“Check your privilege” also obligates those who are privileged to think, act, and speak on the combination of their reflections on the advantages conferred by various kinds of privilege and how their privileges oppressively affect other people. To “check your privilege” means that people in positions of privilege stop interacting with the world in terms of the social instincts, modes of perception, and cultural norms associated with their advantageous positions. In the case of many wealthy white persons for example, that would mean refraining from acting on their views of themselves as “well off” instead of rich, distinctions between their cultivated taste and middle-brow taste, and assumptions of various kinds of racial hierarchies. In this sense, “check their privilege” mean involves a critical self-reflection that puts a person outside the culture into which they have been socialized but does not put them into an alternative web of cultural assumptions. There is what Victor Turner called a “liminality” to the obligations involved in checking your privilege. For Turner, “liminality” was primarily a matter of cultural transition in which a person would leave one status prescribed within a culture without having yet adapted another status. “Liminality, in terms of social structure and time, is an intermediate state of being “in between” in which individuals are stripped from their usual identity and their constituting social differences while being on the verge of personal or social transformation.” In the case of “check your privilege,” the obligation is to suspend the cultural modes associated with privileged locations without having another set of cultural modes to adapt. The obligation of people to check their privilege entails a long-term state of liminality.
I’ve copied my recent and conference proposal for the meeting of the Kentucky Political Science Association in early March, 2022. My long-term goal is to develop a chapter on intersectionality for a book project on “Multicultural Democracy in America.” Over the next six weeks, I want to lay out the intersectional concept of identity as primarily defining complex kinds of “social position” and the black feminism of authors like the late bell hooks as obliging readers to recognize to recognize and account for the full humanity of black women. As I indicate, the imperative to recognition can be juxtaposed in interesting ways to the prototypical 17th century liberalism of English philosopher John Locke. However, intersectional concepts like privilege also contain imperatives for self-recognition that are already part of multicultural culture in the United State but go well beyond what is contemplated by Locke.
Originally developed within black feminism, the concept of intersectionality addressed the issue of black women being discriminated against for both being black and being women. Intersectional ideas begin appearing in black feminism as early as the 19th century, but a black feminist literature featuring concepts of intersectionality coalesced in the 1980’s and 1990’s with the writing of Angela Davis, the late bell hooks, Kimberle Crenshaw (who coined the term), and Patricia Hill Collins. The concept of intersectionality currently occupies a curious position in the U.S. cultural and ideological firmament. Intersectionality has become an important enough element of popular culture, corporate ideology, and Democratic Party policy agendas that intersectional ideas have in some ways become hegemonic. However, intersectionality has rarely been a topic of national public discourse and has gone largely unexamined in relation to political theory traditions outside Black American Thought. This paper examines intersectionality in relation to the political philosophy of John Locke in the Second Treatise of Government. In Locke, the creation of men as free and equal in the state of nature creates an imperative to recognize others as similarly free and equal and an obligation to refrain from harming or tyrannizing over them. Black writers have engaged with Lockeian-style ideas on natural rights since at least the 18th century narrative of Olaudah Equiano and Ta-Nehisi Coates quotes Locke on the punishment of those who enslave others at the beginning of “The Case for Reparations.” My paper will examine the ways in which the original black feminist literature entailed an imperative to recognize the full humanity of traditionally disadvantaged populations, how the imperative for recognition was universalized as the intersectionality literature expanded to address sexual orientation, disability, immigrants, and transnational perspectives, and finally the ways in which intersectional concepts of privilege have come to obligate various forms of self-recognition.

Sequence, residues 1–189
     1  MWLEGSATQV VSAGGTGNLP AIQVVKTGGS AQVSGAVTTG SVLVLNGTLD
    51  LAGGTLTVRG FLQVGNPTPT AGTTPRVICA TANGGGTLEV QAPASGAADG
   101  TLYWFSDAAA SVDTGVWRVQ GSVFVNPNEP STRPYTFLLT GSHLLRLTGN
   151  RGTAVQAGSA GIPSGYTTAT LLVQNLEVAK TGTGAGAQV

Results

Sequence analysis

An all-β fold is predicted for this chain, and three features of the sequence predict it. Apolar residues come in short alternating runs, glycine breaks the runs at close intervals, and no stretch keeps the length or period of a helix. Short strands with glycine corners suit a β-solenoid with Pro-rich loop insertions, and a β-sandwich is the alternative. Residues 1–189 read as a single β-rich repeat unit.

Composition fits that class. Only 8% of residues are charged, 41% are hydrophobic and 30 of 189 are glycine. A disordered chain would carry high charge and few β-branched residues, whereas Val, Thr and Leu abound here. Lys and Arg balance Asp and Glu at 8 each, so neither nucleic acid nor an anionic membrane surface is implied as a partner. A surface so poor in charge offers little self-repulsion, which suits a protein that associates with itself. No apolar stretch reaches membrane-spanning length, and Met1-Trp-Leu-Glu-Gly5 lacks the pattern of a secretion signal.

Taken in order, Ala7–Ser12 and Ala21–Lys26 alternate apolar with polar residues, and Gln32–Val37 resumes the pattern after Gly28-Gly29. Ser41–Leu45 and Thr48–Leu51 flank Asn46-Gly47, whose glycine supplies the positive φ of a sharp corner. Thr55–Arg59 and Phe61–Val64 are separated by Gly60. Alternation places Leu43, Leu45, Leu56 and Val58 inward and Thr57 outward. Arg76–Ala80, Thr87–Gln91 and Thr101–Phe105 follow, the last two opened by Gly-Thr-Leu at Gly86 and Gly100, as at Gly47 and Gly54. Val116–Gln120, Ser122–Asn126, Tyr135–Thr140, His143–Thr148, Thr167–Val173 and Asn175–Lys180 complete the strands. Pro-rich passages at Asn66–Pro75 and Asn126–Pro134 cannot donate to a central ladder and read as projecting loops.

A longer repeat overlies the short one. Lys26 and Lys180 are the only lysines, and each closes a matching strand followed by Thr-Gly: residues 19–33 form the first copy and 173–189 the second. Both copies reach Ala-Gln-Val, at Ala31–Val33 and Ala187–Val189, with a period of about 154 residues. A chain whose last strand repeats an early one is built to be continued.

In a surprise development, Chuck Schumer announced today that he would force a vote on the filibuster before Martin Luther King’s Birthday on January 17. The letter from the Democratic and Senate Majority Leader allows some wiggle room on whether the filibuster should be modified or eliminated, but the options are an illusion.
Eliminating the filibuster is now the official position of the Democratic Party.
Success in eliminating the filibuster is another issue entirely. Given that Manchin and Sinema are adamantly opposed, I don’t see where the votes are for filibuster reform.
However (and it’s a big however), coming out for such a fundamental reform is a Big F’ing Deal.